There are two pieces of work which tackle the allele refinement problem using haplotype information: that of Gourraud et al. in the HLA domain [12], and that of Jung et al. in the SNP (single nucleotide polymorphism) domain [34]. Although Gourraud et al. indirectly tackle the HLA refinement problem, their focus is on phasing of HLA data in the presence of ambiguous HLA alleles, and their experimental evaluation is restricted to the phasing task. Additionally, they use the standard, multinomial, EM-based haplotype inference approach, which we show to be inferior for the task of HLA refinement. Also, they do not investigate population-specific effects as we do here. Jung et al., strictly speaking, don't refine their data. Rather, they impute it—that is, they fill in data that is completely missing. The SNP domain is quite different from the HLA domain—the problem of SNP haplotype inference often involves hundreds or thousands of loci, and there are usually only two alleles at each locus (and at most four). HLA haplotype inference, in contrast, involves only a handful of loci with possibly hundreds of alleles at each locus (because we define a locus on an HLA level, not a nucleotide level—although one could do HLA haplotype inference in the nucleotide domain).

Thus, issues of scalability and the specific nature of haplotypic patterns are substantially different between these two domains. With respect to methodology, Jung et al. perform imputation in a sub-optimal way. First, they apply an EM-based haplotype inference algorithm ([23]) to obtain a single best phasing of their data (i.e., a ML point estimate). Next, using the statistically phased data, they compute linkage disequilibrium in the inferred haplotypes using the standard measure of Lewontin's linkage disequilibrium. Thus, they ignore the uncertainty over phases which is available from the EM algorithm. Also, they choose only the single best imputed value, ignoring the uncertainty there as well. Our approach incorporates both types of uncertainty. Lastly, the haplotype inference algorithm used by Jung et al. does not account for population-specific effects. Consequently, they do not investigate this area experimentally, as we do here, showing its potential benefits.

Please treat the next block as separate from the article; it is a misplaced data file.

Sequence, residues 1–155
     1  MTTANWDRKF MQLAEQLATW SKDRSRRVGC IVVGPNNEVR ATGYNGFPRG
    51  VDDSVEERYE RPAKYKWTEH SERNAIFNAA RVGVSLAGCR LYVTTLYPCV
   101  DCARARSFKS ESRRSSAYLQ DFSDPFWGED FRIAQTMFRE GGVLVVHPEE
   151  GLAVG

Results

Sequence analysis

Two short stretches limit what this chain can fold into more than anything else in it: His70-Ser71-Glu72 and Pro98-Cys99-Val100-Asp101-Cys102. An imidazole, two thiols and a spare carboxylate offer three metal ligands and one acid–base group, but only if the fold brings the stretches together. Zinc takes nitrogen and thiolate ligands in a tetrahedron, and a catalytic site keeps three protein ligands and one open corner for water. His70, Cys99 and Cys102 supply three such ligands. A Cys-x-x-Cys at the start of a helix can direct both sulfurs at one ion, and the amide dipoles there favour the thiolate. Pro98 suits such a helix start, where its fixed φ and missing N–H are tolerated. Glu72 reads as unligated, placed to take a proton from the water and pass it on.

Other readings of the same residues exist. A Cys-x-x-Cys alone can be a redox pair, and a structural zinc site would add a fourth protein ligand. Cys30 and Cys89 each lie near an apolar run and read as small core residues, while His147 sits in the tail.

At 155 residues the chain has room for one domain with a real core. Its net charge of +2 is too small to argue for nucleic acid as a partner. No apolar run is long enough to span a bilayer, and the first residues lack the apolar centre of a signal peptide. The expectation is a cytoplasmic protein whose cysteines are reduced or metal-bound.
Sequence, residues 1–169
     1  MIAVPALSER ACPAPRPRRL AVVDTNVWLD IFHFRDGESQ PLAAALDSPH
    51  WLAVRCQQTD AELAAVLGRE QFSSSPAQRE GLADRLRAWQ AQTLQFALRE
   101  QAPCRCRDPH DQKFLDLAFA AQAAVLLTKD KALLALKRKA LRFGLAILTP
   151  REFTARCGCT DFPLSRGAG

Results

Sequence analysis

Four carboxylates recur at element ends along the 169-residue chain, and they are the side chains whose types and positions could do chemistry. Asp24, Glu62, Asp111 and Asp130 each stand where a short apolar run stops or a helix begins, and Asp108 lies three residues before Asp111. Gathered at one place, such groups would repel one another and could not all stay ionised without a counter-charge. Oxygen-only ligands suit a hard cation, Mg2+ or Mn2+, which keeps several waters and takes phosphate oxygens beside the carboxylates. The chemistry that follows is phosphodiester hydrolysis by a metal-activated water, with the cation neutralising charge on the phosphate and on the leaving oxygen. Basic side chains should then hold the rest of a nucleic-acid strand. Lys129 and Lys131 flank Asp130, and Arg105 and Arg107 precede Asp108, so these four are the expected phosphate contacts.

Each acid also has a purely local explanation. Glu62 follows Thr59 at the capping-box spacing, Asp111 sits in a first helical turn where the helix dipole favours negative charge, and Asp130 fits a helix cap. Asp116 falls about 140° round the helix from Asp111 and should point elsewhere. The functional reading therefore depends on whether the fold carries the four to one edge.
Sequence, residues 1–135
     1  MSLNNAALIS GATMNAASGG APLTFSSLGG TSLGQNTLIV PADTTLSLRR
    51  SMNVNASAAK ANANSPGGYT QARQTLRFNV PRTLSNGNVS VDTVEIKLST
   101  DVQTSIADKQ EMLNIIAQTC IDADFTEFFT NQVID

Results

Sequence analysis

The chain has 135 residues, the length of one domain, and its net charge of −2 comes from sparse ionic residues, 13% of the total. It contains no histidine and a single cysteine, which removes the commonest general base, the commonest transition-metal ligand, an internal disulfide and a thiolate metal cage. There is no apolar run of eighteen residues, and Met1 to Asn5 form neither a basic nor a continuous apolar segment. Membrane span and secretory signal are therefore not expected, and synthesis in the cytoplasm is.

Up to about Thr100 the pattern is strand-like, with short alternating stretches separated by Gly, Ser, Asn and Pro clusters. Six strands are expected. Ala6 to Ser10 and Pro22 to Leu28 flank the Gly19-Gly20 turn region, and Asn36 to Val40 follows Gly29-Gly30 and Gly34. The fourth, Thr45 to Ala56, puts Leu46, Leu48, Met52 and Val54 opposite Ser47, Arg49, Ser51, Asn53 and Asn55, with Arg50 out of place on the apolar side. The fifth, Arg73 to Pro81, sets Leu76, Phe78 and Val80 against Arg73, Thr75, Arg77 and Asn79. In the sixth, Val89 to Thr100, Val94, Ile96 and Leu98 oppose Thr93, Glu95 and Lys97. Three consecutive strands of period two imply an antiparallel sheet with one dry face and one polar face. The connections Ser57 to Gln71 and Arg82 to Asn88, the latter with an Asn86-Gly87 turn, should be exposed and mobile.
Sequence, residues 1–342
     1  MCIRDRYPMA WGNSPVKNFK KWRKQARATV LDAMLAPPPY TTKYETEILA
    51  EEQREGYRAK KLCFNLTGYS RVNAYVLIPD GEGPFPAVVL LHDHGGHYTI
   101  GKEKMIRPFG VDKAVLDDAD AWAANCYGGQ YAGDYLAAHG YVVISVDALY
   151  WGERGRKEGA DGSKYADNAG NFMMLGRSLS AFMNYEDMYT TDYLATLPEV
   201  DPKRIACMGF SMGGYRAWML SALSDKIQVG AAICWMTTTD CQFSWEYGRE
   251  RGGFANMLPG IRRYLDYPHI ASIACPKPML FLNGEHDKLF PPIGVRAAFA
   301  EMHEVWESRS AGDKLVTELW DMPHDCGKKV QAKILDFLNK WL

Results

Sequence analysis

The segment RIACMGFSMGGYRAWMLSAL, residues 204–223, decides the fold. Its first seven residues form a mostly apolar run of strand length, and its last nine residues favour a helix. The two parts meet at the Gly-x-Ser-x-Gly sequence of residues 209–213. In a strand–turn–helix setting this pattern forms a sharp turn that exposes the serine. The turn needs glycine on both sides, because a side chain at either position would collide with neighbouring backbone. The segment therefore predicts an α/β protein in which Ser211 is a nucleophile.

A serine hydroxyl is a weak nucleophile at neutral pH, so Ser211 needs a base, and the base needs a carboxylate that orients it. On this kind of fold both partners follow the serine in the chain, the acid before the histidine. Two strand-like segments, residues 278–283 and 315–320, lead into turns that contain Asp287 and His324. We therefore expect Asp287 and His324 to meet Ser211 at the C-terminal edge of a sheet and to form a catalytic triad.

One other study touches on statistical HLA refinement [31]. In order to estimate haplotype frequencies on serologically-derived HLA data, Muller et al. modify the standard EM-based haplotype inference approach to be able to use donors with unsplit serological HLA types. However, their main purpose is to estimate haplotype frequencies (at a two-digit serological level) rather than to perform HLA refinement; and their experiments focus on this former task.

Materials and Methods

Before explaining our model in detail, we first explain the standard EM-based model and training algorithm used for haplotype inference [17],[18]. Without loss of generality, suppose that we are performing haplotype inference over three loci, l1, l2, and l3, with Li alleles at each locus. Then, in the standard EM-based approach, the probability of a haplotype is parameterized by a multinomial table which gives the probability of every possible haplotype,(1)